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Archive for the ‘Yankees History’ Category

“Part of a Yankee telecast on WPIX TV, Channel 11 from 1986. Bill White and Phil Rizzuto broadcast a 4th inning rain delay as the Yankees played the Twins at Yankee Stadium.”

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Bob Costas’ emotional eulogy at Mickey Mantle’s funeral on August 15, 1995.

“It brings to mind a story Mickey like to tell on himself and maybe some of you have heard it. He pictured himself at the pearly gates, met by St. Peter who shook his head and said, ‘Mick, we checked the record. We know some of what went on. Sorry, we can’t let you in. But before you go, God wants to know if you’d sign these six dozen baseballs.'”

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Jorge Posada’s retirement got me looking at the Yankees all-time catcher’s statistics. One thing that stands out in particular is Posada’s on base percentage, which is second only to Bill Dickey, which is 101 points above his career average. Also, each of these catchers played their entire career with the Yanks except a few at-bats for Berra with the Mets and Howard’s last two seasons were with Boston.

Accolades of Note:

All of them have their number retired with the Yankees.

Yogi Berra:  10 WS rings, 3 time MVP, HOF and did it all while standing 5’7” tall

Jorge Posada: 5 WS rings, 5 time All-Star

Bill Dickey: 7 WS rings, 11 time All-Star

Elston Howard: 1st African American player on NYY, 1963 MVP, 9 time All-Star, 4 WS rings

Thurman Munson: Captain, 2 WS rings, 1973 ROY, 1976 MVP

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Here’s some terrific 8mm footage taken by a fan back in 1968 at the original Yankee Stadium. It was really cool to watch these old-time players, and how many of them took the time to greet and sign autographs for the fans before entering the ballpark.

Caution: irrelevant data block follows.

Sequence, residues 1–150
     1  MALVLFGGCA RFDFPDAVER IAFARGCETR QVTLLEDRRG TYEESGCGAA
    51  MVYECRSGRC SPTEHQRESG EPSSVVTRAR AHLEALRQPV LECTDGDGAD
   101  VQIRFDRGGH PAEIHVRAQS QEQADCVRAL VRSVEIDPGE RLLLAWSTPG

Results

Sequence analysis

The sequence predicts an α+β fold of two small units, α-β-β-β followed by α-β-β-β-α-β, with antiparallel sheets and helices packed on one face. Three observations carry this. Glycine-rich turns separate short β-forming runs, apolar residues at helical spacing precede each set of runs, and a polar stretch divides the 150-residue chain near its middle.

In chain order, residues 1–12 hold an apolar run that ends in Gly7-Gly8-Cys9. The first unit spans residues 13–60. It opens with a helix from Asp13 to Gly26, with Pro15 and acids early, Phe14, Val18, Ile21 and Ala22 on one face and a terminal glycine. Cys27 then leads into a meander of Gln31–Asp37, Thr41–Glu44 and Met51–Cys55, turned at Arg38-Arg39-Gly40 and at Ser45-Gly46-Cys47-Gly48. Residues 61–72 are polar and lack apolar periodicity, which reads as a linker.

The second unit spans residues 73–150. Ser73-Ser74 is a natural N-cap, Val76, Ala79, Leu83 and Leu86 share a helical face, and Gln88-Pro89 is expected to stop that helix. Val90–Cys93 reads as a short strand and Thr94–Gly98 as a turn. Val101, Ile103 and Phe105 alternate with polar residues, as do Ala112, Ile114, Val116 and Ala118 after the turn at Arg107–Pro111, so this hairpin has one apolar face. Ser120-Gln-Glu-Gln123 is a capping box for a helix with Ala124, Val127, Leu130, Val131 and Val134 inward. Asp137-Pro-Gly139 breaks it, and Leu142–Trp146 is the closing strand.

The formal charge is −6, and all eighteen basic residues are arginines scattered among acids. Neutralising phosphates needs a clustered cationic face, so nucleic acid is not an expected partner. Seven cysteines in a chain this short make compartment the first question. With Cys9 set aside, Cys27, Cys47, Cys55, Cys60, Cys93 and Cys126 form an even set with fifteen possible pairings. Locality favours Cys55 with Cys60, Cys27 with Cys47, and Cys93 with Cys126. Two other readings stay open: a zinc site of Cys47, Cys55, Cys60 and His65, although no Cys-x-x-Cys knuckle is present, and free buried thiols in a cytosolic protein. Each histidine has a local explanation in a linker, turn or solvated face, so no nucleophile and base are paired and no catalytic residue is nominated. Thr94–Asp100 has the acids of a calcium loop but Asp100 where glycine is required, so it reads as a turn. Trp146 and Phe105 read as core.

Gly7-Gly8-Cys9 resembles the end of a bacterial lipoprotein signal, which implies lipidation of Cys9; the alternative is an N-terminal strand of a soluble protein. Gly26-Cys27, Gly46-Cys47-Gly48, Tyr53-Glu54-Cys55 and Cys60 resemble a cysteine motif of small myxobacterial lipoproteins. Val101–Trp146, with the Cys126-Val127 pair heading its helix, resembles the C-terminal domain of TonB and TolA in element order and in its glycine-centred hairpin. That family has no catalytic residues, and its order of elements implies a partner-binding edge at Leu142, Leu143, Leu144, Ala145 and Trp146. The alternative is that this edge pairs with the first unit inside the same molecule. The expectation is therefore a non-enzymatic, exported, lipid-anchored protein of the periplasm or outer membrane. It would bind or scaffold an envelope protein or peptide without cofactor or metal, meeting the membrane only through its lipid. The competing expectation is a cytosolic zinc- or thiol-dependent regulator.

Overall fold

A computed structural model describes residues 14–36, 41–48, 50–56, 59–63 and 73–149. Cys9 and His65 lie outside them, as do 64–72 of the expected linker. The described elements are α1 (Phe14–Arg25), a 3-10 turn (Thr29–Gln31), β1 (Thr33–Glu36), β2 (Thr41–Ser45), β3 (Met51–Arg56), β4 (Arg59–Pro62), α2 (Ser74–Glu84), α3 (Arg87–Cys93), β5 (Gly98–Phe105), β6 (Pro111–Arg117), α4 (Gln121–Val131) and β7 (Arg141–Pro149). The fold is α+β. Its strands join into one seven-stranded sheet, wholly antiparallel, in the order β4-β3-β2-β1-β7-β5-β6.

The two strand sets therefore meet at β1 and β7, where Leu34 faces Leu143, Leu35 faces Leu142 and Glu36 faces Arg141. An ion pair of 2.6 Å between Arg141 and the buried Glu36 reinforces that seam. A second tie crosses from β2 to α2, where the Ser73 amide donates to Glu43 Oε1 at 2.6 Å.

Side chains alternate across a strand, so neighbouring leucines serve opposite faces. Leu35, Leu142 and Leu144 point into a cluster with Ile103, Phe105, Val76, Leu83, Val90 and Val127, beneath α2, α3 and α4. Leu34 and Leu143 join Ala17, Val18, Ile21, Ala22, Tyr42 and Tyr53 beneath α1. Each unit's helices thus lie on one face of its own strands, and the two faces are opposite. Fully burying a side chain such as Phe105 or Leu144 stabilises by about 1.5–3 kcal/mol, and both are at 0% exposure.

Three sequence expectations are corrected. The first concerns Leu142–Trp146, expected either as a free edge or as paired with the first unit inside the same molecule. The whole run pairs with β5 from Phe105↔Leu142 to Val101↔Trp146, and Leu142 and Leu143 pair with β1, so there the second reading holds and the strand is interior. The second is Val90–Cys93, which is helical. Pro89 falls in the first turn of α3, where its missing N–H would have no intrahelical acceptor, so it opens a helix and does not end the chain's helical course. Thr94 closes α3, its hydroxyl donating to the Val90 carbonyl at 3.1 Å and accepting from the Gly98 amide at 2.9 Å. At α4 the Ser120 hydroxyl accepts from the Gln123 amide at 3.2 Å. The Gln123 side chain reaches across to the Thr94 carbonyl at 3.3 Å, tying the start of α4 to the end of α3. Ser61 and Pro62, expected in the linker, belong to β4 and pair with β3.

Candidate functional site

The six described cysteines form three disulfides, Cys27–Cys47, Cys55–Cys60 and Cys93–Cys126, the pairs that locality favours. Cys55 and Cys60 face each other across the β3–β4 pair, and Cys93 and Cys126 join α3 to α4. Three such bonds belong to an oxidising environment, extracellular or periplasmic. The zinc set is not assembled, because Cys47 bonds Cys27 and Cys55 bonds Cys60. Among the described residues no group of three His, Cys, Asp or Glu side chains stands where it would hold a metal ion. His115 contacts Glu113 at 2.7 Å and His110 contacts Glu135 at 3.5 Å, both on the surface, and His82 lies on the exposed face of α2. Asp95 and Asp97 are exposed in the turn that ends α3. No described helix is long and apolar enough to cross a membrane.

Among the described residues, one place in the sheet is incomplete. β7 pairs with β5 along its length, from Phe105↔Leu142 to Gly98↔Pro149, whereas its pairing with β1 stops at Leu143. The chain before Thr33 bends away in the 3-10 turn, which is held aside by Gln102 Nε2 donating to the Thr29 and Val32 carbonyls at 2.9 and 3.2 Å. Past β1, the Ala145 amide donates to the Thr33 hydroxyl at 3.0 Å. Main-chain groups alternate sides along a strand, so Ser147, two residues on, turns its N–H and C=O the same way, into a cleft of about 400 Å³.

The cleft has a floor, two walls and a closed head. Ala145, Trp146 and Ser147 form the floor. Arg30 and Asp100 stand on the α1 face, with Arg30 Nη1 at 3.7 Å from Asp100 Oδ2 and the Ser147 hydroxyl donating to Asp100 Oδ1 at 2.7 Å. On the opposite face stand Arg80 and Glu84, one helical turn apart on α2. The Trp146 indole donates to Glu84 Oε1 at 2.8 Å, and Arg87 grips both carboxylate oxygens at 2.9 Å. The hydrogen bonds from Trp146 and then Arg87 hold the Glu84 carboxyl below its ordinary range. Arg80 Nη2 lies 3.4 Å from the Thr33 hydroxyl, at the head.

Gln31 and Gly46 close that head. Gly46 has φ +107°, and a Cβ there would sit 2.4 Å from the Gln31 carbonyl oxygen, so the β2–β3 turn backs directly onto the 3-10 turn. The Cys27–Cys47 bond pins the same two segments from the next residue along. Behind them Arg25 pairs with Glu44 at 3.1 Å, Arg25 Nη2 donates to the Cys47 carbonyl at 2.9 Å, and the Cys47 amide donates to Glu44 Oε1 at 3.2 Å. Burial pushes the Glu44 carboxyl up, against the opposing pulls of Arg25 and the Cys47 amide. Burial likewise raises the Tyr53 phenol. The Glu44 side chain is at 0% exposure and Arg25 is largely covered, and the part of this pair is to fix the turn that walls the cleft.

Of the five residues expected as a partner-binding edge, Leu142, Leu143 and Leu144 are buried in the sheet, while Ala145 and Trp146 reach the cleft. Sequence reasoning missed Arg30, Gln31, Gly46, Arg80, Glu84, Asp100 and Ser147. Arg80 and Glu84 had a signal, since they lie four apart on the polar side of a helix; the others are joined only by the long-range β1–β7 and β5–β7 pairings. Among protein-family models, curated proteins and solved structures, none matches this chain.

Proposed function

The steel beams holding the stadium together are really noticeable to the viewer, and were clearly obstructing views for many of the fans. My father told me that when he went to the games as a child with his dad, they would slip the usher a few dollars to have them put in different seats. Some other noteworthy things in the video include: the bullpen car, old stadium scoreboard, the layout of the baseball diamond (especially around home plate), old advertisements lining the walls behind the bleachers.

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During last night’s Yankee game history was made. No, I’m not talking about being the first team to hit 3 grand slams in a game. I’m talking about Jorge Posada’s first appearance at second base in his major league career.

Posada played second base in the minors in 1990 and then moved to catcher in 1991.

“That [throw] shows you right there exactly why they moved me behind the plate . . . I threw it too hard. I got super excited.” -Posada

Video: Posada at 2b: (Compliments of MLB.com)

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In the book, “Roger Maris: Baseball’s Reluctant Hero” by Tom Clavin and Danny Peary, chapter one opens up with a story about how Bob Dylan became a fan of Maris during his 1961 home run chase.

Here’s an excerpt from the book:

“Among those rooting for Roger Maris as he closed in on Babe Ruth’s record in September of 1961 was a folksinger whose nascent career took off that month in New York City thanks to a rave in the Times and his first studio work. Although he wasn’t much of a sports fan, Bob Dylan felt pride when he learned that the ballplayer making national headlines also hailed from Hibbing, Minnesota.”